MadSci Network: General Biology

Re: Are vultures raptors? I.e. - is the dna categorization of birds valid?

Date: Fri Jan 5 10:51:32 2001
Posted By: Kurt Wollenberg, Assistant Professor, Ophthalmology and Medicine
Area of science: General Biology
ID: 978012258.Gb

A vulture is a bird of prey in that it primarily consumes meat. Raptors are 
generally considered to be birds that kill their prey, which would leave 
out vultures as they eat carrion (as will other types of omnivorous birds 
like crows and ravens). This definition of raptor would include owls as 
well as falcons, hawks, and eagles. So, in general, birds that wre 
considered "raptors" are not necessarily closely related at all. This is 
because "raptor" is not a taxonomic grouping. Instead, it is more like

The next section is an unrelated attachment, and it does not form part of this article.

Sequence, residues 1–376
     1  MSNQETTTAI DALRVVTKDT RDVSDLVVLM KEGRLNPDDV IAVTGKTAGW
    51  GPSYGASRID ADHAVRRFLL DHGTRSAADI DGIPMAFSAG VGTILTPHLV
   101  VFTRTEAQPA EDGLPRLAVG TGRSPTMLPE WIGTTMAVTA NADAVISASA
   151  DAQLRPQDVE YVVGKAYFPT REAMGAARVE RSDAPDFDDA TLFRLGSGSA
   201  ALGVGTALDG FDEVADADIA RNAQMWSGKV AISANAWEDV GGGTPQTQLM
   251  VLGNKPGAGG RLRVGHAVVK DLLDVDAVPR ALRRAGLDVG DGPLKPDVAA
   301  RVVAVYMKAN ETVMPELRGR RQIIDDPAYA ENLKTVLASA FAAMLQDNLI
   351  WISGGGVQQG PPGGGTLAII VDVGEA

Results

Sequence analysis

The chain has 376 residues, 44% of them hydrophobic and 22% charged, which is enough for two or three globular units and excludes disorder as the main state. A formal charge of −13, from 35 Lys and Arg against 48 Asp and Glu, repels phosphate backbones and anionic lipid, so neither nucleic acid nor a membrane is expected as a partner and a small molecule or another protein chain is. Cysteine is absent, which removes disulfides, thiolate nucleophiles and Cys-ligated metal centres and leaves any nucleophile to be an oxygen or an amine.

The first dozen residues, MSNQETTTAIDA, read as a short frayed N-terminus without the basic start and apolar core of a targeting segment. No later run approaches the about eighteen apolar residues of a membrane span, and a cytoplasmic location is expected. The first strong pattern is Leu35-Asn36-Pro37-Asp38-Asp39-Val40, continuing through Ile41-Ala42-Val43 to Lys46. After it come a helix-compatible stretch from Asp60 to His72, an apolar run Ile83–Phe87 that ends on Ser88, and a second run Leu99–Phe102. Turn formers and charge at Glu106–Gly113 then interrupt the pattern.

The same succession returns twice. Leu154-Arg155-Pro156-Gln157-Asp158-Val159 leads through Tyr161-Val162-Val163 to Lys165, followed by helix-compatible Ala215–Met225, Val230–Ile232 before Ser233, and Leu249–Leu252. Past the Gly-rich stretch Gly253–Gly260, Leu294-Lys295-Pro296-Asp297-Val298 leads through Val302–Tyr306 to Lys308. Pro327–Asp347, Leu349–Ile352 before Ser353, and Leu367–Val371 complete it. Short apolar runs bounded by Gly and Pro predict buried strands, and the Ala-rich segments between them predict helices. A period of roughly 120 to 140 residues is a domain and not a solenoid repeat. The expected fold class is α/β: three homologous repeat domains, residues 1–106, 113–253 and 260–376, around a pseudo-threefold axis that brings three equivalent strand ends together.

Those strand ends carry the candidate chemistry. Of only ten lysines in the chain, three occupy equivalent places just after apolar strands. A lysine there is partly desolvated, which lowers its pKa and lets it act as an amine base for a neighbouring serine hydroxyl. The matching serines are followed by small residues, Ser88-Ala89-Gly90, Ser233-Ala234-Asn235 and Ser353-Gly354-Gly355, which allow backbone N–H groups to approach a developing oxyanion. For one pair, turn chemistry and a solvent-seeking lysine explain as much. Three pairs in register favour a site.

grouping things by color or size rather than true relatedness. An attempt 
to measure genetic relatedness and use it as a basis for taxonomic 
classification was performed in the 1980's by Charles Sibley and the 
members of his lab. They used a technique called DNA-DNA hybridization to 
measure an overall level of genetic similarity among differnet groups of 
birds. They found many relationships that were quite different from 
long-held views of avian classification. Their classification of vultures 
was been extremely controversial. Sibley and his colleagues found that Old 
World (Europe, Asia, and Africa) and New World (North and South America) 
vultures are not each others closest relatives. Other genetic work appears 
to support this controversial hypothesis but no consensus has yet been 

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